According to Pro Football Focus (subscription required), they have resulted in 16 receptions for 171 yards and 82 yards after the catch, along with two touchdowns. Cotchery also has seven targets and five receptions for 84 yards, 24 yards after the catch and one score from midfield between 10 and 19 yards beyond the line of scrimmage.

Miller, too, is seeing his fair share of midfield targets, with 18 from zero to nine yards beyond the line of scrimmage, resulting in 15 catches for 130 yards and 66 yards after the catch, though none have been for a touchdown. Miller doesn't see deep targets in the middle of the field, however, with just seven targets and two receptions; rather, he gets more passes behind the line of scrimmage, with six targets and five receptions for 28 yards and one score.

It's not that Miller isn't valuable, it's just that he's a veteran player still dealing with the aftereffects of a very serious knee injury, one that he's less than a year removed from. The Steelers needed someone to step up, and it has been Cotchery who has taken up that mantle. Further, Cotchery's usefulness as a receiver has allowed Miller to do more blocking, which helps considering how much turnover the Steelers have seen (yet again) on their offensive line.

Cotchery also benefits from the defensive attention being paid to both Brown and Miller. Teams seem to have not figured out how important or dangerous Cotchery is, and he's taken advantage of single coverage. Their inability to defend him is leading the receiver to his best season since 2009, when he played for the New York Jets.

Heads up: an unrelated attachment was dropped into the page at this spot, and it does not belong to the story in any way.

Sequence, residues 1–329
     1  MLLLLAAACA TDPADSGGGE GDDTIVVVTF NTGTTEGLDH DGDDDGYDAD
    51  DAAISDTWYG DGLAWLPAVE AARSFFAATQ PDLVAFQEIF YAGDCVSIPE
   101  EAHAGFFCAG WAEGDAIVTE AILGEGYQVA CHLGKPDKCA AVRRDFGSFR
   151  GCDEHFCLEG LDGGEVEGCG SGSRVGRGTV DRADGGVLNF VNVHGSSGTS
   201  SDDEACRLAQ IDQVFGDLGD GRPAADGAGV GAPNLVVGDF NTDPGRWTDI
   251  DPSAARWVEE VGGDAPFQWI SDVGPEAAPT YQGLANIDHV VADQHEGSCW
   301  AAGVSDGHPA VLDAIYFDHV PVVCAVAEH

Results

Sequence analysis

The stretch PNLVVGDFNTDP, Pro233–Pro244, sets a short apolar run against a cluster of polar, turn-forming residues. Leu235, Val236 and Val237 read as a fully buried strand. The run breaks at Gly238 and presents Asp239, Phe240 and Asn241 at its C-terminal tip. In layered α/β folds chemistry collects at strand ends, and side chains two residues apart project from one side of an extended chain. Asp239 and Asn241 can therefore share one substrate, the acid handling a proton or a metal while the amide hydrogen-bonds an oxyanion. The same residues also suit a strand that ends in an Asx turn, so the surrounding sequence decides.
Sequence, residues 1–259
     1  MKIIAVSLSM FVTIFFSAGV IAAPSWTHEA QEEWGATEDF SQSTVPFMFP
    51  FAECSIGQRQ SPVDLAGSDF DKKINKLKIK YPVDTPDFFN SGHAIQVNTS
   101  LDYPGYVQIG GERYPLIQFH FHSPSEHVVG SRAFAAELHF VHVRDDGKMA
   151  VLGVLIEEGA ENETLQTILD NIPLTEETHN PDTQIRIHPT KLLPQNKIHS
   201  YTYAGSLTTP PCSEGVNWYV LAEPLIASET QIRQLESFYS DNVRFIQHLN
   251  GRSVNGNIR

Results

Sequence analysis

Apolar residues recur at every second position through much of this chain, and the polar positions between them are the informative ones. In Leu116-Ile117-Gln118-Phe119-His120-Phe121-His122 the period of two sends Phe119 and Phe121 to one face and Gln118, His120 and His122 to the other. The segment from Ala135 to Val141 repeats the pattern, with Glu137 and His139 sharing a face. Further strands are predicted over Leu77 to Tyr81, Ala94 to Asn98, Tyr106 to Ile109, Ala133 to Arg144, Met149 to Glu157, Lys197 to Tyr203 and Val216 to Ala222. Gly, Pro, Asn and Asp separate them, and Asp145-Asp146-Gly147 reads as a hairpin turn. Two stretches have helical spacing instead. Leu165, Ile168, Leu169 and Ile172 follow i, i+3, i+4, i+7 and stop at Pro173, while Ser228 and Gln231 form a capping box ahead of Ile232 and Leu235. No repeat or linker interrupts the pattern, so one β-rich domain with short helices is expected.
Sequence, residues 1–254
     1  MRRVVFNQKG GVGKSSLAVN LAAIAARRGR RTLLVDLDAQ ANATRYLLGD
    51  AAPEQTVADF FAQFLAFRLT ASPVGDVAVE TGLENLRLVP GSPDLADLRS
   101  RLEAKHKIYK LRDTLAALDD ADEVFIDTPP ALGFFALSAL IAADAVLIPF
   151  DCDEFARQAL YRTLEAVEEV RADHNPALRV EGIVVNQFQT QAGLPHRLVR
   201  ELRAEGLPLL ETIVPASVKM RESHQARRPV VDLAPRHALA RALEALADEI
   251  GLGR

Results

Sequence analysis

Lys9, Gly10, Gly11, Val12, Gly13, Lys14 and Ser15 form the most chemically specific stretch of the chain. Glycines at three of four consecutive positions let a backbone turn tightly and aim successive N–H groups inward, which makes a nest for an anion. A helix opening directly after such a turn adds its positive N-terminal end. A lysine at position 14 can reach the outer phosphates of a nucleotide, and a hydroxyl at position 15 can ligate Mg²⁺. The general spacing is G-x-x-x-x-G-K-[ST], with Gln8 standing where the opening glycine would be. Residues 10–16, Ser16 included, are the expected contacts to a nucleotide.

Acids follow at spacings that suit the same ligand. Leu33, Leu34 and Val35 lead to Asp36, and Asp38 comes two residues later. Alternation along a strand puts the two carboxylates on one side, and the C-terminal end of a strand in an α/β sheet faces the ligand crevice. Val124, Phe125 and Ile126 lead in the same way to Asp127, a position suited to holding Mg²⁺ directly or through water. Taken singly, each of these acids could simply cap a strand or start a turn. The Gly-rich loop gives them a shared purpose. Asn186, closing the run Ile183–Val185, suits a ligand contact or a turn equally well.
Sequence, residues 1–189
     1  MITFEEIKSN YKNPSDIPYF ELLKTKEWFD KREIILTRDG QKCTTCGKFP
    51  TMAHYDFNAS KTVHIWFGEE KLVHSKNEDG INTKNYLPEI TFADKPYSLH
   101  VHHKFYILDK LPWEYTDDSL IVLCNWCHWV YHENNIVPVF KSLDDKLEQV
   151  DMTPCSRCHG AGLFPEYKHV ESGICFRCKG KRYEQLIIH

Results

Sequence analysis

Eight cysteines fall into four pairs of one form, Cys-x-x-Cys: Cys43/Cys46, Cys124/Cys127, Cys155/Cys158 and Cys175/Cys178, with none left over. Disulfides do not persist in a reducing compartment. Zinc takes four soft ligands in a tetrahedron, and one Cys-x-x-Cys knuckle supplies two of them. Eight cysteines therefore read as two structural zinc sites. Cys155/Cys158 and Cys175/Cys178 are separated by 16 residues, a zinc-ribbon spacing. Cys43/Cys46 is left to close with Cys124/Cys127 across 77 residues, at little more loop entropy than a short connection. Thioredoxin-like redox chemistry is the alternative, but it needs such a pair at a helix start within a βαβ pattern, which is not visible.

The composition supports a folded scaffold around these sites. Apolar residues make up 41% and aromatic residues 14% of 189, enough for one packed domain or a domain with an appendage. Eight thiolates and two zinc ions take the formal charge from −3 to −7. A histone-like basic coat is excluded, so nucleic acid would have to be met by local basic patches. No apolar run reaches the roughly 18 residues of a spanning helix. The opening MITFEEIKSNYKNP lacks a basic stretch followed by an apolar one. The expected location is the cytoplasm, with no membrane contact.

With just one touchdown and four dropped passes, Heath Miller is still trying to get back to his normal self after last year's knee injury.
With just one touchdown and four dropped passes, Heath Miller is still trying to get back to his normal self after last year's knee injury.Thearon W. Henderson/Getty Images

It's impressive that a slot receiver north of 30 years old has been such an impact player this year. Steelers safety Ryan Clark (via ESPN's Scott Brown) described Cotchery's role adeptly after the team's Week 11 defeat of the Detroit Lions, in which Cotchery caught three passes, one for a score:

Sometimes they have Ferraris out there and sometimes you've got some Bentleys. Jerricho is a conversion van. He's always going to be there. He's going to tote the family well. He's going to be safe. He makes every catch he's supposed to and makes all the plays he should make. He's an awesome player. He's underrated in this league but he's eating people up in the slot.

Indeed, the "conversion van" is one of the Steelers' most important offensive weapons this year. When they needed someone to take on Miller's mantle as the reliable option, Cotchery has stepped up. For a team that has struggled to score points and move down the field, Cotchery's contributions have been significant.